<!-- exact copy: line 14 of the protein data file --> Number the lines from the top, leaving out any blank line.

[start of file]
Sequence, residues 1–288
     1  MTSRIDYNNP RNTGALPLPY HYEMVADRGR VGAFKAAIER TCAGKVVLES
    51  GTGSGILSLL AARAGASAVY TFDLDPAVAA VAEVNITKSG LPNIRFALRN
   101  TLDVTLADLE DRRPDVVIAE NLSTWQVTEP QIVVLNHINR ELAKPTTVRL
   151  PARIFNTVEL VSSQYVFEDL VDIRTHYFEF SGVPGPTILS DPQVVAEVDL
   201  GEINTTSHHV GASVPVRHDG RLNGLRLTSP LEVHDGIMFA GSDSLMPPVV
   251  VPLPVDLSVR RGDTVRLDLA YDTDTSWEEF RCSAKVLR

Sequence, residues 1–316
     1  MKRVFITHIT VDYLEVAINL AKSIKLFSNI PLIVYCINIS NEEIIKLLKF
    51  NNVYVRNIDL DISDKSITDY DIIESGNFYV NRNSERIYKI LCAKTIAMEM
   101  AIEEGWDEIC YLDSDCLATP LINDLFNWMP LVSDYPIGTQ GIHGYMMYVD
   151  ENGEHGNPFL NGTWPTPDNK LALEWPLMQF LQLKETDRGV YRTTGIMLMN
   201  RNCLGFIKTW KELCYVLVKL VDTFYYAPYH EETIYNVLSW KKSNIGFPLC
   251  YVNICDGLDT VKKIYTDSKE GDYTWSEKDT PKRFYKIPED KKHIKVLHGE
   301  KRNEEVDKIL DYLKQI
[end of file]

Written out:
   251  YVNICDGLDT VKKIYTDSKE GDYTWSEKDT PKRFYKIPED KKHIKVLHGE